OK, so I said I went to Montreal last weekend for RRRÖÖÖAAARRR 2014, but that was really just a front for the true purpose of my trip: to get my hands on a (preferably French-language) copy of Lafleur!, the 1979 instructional hockey disco album (mostly) performed by Le Démon Blond himself.
I’d already heard some song clips on YouTube (in fact, you can download the whole thing here), and I had to say, twas a pretty strange trip. But it was readily apparent that the French version contained much catchier choruses than the English equivalent, so I knew that in order to lift this hockey disco holy grail, I had to head to Montreal, where Lafleur avait “Marquer (au moins) un but”–or rather, several.
Unfortunately, I didn’t reach–or score–my goal, but I did have a few decent discoveries from a fistful of local record shops.
La fin du vinyle/Death of Vinyl is located on a slightly sketchy stretch of St-Laurent, stuck in no man’s land between Mile End and Little Italy. Most of the buildings around it appeared to be abandoned, but this place occupies a large second-floor space in a mixed-use industrial edifice. They seem to specialize in dance music, and while there was no sign of Lafleur! in their sizable disco section, I scored a couple South Pacific gems from their much-smaller metal section–namely Loudness – Thunder in the East and the slightly misclassified Angel City – Darkroom (still a great record, though).
But the real finds came when I scoured their three-dollar racks, in which clashing pieces of my childhood came to light. Let’s just say they had multiple copies of Trooper’s Hot Shots, the B.C. band’s de facto greatest-hits album. When I first heard “Raise a Little Hell” on the radio, I asked my dad who sang that song…and he told me it was Nazareth. So I immediately became a Nazareth fan, until I found out a few years later who the actual artist was. That said, when I first heard “Hair of the Dog” on the radio, I realized that Nazareth was probably better than Trooper anyways. Paying six bucks for both records really brought me back. All in all, this haul cost me 20 and change:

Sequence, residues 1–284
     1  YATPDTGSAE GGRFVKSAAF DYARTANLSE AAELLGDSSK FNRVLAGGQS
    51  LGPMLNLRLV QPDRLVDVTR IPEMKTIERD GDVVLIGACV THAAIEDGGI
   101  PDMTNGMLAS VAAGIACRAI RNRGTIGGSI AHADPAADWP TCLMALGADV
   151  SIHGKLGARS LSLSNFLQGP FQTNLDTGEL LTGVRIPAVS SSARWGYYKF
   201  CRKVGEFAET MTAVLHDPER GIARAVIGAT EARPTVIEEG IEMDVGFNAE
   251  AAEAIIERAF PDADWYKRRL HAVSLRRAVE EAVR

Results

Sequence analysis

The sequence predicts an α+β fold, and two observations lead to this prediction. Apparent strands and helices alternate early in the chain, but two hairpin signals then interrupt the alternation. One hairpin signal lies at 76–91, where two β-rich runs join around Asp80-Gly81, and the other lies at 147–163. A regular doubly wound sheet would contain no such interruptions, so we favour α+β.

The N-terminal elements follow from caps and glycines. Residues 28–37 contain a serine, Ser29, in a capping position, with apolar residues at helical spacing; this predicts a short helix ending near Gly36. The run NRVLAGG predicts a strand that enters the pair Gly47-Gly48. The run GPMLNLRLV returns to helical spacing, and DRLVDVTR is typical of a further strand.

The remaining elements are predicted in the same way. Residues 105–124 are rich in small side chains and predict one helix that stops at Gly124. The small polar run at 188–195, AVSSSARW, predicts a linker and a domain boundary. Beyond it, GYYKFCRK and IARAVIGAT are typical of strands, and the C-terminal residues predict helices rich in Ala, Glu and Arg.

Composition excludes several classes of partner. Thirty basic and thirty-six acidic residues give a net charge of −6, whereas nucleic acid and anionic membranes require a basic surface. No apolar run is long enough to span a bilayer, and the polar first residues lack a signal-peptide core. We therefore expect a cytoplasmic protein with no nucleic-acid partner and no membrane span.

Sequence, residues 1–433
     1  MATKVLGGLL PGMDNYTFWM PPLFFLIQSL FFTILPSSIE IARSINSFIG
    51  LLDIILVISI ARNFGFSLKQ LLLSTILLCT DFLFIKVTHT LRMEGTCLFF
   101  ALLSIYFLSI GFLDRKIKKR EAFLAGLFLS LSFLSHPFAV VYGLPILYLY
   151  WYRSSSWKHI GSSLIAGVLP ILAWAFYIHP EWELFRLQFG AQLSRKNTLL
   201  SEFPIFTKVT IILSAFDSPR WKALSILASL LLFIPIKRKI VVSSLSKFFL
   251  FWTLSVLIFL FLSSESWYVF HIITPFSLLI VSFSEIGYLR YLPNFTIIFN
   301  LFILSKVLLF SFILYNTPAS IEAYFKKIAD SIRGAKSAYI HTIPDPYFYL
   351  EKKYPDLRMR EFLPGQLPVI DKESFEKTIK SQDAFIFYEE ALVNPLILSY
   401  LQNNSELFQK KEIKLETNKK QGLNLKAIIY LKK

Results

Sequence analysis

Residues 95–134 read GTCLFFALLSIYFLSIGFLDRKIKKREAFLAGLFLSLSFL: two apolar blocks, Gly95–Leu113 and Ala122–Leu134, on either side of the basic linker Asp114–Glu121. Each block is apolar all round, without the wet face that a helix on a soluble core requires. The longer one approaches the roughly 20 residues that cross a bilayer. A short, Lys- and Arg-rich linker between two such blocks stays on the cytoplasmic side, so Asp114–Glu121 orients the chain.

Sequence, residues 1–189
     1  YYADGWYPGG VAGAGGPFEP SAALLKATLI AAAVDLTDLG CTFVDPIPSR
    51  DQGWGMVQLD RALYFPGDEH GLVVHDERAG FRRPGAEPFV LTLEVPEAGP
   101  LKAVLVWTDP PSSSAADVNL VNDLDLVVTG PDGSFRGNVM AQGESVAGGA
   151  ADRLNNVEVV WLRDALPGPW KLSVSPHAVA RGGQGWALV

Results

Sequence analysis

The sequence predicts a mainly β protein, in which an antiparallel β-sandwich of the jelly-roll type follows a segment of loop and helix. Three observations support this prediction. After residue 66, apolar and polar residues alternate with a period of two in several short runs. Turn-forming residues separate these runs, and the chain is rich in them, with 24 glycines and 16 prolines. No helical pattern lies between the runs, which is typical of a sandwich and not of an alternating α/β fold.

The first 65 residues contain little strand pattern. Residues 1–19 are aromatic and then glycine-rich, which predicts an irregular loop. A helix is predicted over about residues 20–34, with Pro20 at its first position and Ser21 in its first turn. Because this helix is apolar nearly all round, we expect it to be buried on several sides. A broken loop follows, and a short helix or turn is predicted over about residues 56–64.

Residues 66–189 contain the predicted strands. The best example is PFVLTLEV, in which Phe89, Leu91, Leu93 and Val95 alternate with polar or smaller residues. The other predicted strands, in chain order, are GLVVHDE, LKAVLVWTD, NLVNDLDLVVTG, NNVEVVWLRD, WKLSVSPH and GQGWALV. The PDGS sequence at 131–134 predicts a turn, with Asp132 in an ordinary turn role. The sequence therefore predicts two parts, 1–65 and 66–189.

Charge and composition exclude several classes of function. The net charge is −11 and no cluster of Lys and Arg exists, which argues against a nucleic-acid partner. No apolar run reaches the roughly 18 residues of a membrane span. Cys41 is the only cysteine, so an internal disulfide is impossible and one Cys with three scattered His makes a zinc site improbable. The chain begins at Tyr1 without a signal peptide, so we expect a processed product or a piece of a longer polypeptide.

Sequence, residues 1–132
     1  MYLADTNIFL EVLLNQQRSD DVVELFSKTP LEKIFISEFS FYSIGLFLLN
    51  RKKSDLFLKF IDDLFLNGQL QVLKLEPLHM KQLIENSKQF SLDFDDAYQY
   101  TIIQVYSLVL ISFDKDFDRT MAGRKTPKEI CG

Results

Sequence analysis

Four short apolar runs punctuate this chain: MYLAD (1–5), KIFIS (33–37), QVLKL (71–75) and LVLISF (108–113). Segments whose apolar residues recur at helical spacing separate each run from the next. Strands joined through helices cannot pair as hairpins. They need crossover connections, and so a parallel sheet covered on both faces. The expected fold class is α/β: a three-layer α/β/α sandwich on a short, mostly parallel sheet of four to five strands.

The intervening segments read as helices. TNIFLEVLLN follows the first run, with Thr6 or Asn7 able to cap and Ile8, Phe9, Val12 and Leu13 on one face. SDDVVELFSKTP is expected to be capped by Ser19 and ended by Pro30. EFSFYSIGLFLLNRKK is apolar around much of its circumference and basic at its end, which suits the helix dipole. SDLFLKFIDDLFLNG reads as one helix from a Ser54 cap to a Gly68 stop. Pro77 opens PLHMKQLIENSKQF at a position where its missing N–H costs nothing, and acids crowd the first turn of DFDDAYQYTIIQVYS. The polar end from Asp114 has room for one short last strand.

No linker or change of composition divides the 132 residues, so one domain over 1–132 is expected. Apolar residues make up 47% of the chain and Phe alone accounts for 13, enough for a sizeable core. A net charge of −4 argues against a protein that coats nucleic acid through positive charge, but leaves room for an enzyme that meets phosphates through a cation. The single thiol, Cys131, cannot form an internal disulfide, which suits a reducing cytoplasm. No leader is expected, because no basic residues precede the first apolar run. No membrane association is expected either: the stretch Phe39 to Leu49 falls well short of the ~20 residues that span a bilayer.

Beatnick Records on St-Denis is my kinda place, even if I’m pretty sure they’re spelling it wrong. These guys have five full racks of Beatles records, as well as an entire rack of Stones records sorted alphabetically. But it was the guy behind the counter in the Iron Maiden t-shirt who put on Rainbow – Rising during my visit, which made me stick around for a couple hours on a Sunday afternoon. (I dunno guy, but I’m pretty sure leaving the hall during a Dio album is a crime against metal!) Did not buy any Beatles or Stones, but I did come across a copy of Hendrix’s Are You Experienced? for 10 bucks, which was pretty much a must-purchase, especially at that price. A little dusty, but it still sounds great…
Their metal vinyl section is a bit more secluded, hidden beneath stacks of CDs. But they did provide a stool that was just the right height to sit on while sorting. And I’m glad I was sitting down when I stumbled across recent remasters of Motorhead – Bomber and Saint Vitus – Thirsty and Miserable EP (about the only Vitus record I don’t already own) for 12-13 bucks apiece.